Home Local News Total Eclipse Event at Leath Library Set for August 21

Total Eclipse Event at Leath Library Set for August 21

Solar eclipse captured in Australia in 2012.
NASA

ROCKINGHAM — On Monday, August 21 the United States will be treated to a total eclipse of the sun, and the Leath Library in Rockingham will be hosting an event for the community to be able to safely watch the historic event.

The “Total Eclipse” event will begin at 10:00am and will feature a Star Wars movie along with food and ice cream, activities for the kids, and community awareness activities. A food vendor will be on site to provide the food and ice cream. An educational and safety presentation will take place at 12:30pm in preparation for the eclipse viewing, and the culmination of the event will be the viewing of the total eclipse soon thereafter.

The event may be a once-in-a-lifetime occurrence for most event attendees. The last total eclipse in the United States occurred on February 26, 1979. The last total eclipse that crossed the entire continent occurred on June 8, 1918. The August 21 total eclipse will again cross the entire continent.

A grant awarded to the Leath Library made it possible for the library to purchase 1,000 solar glasses for the community to have a safe way to view the eclipse that day. Deborah Knight, Outreach Coordinator, said the “solar glasses will be distributed for viewing at no-charge to the public.”

The Richmond Observer, along with Farm Bureau Insurance, Discovery Kids, Partnership for Children, Richmond County Hospice Inc, Cheerwine, and the Rockingham Police and Fire Department are sponsoring the Leath Library eclipse event.

“There will be no better place for Richmond County citizens to view the eclipse than at the Leath Library event in Rockingham,” said Lance Jenkins, co-founder of The Richmond Observer and agency manager at Farm Bureau Insurance. “Deborah Knight and the staff at Leath Library have gone above and beyond to ensure the Leath Library puts on an exciting event to celebrate this historic moment.”

Advertisements

Physicist and Richmond County native Charlie Melvin will make a guest appearance at the event to address the eclipse in a special presentation to attendees. Melvin is a 2011 graduate of Richmond Senior High School and a 2015 graduate of North Carolina State University in Raleigh.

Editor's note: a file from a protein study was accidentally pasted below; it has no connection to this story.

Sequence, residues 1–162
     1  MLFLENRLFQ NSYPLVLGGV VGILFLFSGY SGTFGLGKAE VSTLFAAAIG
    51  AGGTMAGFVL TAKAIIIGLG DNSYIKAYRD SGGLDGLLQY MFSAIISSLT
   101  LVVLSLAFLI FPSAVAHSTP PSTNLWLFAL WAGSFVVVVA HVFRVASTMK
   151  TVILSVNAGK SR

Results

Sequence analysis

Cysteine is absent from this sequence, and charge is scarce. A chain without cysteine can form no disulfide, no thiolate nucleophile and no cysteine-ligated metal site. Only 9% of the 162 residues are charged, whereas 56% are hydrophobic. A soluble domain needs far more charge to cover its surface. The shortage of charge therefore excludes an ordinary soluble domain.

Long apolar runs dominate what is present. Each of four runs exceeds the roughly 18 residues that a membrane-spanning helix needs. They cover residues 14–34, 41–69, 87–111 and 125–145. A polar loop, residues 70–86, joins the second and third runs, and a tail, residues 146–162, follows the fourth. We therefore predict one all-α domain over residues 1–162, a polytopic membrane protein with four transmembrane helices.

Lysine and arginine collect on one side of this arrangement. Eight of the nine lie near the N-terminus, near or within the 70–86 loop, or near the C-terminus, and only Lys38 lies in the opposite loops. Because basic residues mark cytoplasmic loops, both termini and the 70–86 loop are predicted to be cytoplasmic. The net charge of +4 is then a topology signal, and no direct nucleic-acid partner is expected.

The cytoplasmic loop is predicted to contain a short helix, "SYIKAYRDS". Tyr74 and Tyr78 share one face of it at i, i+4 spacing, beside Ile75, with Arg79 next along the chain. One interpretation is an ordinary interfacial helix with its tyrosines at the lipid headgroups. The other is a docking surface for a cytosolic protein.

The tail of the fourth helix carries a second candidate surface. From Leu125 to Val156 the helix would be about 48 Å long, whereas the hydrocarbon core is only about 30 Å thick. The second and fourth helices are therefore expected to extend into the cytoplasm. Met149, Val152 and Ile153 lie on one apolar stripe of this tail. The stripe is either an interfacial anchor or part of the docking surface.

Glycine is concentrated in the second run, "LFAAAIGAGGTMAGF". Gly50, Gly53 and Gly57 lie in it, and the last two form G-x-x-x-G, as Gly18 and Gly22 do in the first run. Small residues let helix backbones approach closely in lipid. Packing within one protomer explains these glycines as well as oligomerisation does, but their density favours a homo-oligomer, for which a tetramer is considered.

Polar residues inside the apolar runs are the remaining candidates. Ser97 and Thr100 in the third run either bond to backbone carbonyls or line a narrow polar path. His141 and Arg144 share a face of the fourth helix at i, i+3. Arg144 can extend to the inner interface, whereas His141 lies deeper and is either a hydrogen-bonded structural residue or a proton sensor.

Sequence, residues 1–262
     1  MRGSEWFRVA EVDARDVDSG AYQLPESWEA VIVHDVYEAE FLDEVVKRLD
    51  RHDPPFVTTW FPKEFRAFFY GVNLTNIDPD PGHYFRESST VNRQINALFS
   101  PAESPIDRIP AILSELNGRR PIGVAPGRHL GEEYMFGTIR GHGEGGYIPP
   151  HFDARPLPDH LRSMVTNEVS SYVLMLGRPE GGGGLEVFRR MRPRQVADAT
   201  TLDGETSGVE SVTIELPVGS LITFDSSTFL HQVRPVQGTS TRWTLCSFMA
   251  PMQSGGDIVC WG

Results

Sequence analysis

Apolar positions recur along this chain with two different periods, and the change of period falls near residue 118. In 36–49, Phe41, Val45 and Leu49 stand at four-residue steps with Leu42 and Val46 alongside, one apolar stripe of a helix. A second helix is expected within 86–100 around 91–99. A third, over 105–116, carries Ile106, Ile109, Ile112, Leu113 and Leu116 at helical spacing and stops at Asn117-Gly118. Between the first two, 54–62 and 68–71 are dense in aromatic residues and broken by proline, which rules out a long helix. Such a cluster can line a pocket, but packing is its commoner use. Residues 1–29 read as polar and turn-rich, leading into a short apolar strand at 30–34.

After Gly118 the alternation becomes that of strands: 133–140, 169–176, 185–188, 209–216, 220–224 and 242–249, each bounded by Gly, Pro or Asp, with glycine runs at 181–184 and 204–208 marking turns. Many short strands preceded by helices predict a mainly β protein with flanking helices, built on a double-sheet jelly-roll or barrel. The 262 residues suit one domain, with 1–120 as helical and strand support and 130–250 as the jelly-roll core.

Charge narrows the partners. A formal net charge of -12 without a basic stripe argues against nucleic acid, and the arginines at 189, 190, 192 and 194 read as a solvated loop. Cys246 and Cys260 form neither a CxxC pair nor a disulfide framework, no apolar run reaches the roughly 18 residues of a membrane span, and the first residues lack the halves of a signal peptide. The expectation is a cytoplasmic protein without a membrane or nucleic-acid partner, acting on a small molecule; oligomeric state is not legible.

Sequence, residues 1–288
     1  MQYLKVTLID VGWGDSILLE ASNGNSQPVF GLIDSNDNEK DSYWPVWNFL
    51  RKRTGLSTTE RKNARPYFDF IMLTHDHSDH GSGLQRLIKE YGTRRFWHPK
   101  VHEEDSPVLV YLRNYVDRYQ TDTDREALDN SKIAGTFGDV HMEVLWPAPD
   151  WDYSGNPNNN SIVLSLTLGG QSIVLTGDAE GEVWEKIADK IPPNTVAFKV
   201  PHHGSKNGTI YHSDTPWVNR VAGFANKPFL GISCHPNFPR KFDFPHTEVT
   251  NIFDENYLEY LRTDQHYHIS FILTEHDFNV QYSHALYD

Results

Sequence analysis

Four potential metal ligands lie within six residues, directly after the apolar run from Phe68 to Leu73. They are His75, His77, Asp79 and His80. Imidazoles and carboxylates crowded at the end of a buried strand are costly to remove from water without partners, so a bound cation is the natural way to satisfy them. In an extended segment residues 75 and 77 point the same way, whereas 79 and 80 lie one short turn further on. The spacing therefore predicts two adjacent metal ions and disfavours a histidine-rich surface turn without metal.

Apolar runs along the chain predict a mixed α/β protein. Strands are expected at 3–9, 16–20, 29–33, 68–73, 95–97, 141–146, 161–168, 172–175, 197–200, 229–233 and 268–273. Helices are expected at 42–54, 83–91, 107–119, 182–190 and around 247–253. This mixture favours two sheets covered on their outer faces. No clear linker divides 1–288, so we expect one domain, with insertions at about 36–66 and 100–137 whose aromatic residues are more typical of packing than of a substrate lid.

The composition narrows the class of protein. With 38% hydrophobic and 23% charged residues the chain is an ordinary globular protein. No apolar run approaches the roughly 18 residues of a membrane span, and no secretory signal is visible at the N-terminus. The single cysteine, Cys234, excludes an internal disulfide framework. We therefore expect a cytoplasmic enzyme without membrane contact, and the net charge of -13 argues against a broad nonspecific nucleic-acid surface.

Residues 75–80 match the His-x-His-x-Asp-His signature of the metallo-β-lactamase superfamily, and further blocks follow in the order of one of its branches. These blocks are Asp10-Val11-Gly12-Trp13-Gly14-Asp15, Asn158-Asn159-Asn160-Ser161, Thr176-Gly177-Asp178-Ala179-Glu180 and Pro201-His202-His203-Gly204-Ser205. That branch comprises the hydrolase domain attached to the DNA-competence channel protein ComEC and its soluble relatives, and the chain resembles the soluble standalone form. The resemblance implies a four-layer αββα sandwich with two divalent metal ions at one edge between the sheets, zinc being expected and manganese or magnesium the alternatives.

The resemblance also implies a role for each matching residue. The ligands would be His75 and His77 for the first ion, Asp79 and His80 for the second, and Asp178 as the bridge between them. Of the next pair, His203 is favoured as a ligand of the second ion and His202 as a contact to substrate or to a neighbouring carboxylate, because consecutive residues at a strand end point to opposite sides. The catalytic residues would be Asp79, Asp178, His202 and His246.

The eclipse will be visible, weather permitting, across all of North America. The entire continent will experience a partial eclipse lasting two to three hours. Anyone within a 70-milewide path that stretches through 14 states from Oregon to South Carolina will experience a total eclipse. During those brief moments — when the moon completely blocks the sun’s bright face for about two minutes — day will turn into night, making visible the otherwise hidden solar corona, the sun’s outer atmosphere. Bright stars and planets will become visible as well. Birds will fly to their nighttime roosts. Nocturnal insects such as cicadas and crickets will buzz and chirp. This is truly one of nature’s most wondrous experiences.

For NASA, the eclipse provides a unique opportunity to study the sun, Earth, moon and their interaction, because of the eclipse’s long path over land coast to coast. Eleven NASA and NOAA satellites, the International Space Station, more than 50 high-altitude balloons, and hundreds of ground-based assets will take advantage of this rare event over 90 minutes, sharing the science and the beauty of a total solar eclipse with all.

The only safe way to look directly at an uneclipsed or partially eclipsed sun is through specialpurpose solar filters, such as eclipse glasses or handheld solar viewers. Homemade filters or ordinary sunglasses, even very dark ones, are NOT safe for looking at the sun. It is safe to look at a total eclipse with your naked eyes, ONLY during the brief period of totality, which will last just a minute or two during the Aug. 21 eclipse. It is NOT safe to look at the sun through the viewfinder of a camera or an unfiltered telescope. You may, however, safely look at the screen of your smart phone or digital camera focused on the eclipse, though you are unlikely to get a good view. 

The total solar eclipse is a rare event, at least for this area. Alex Young, solar scientist with the NASA Goddard Space Flight Center, said, “If you have an opportunity to see this—take it. You will not be disappointed.”

For more information about the Leath Library, visit http://www.richmondnc.com/193/Thomas-H-Leath-Memorial-Library.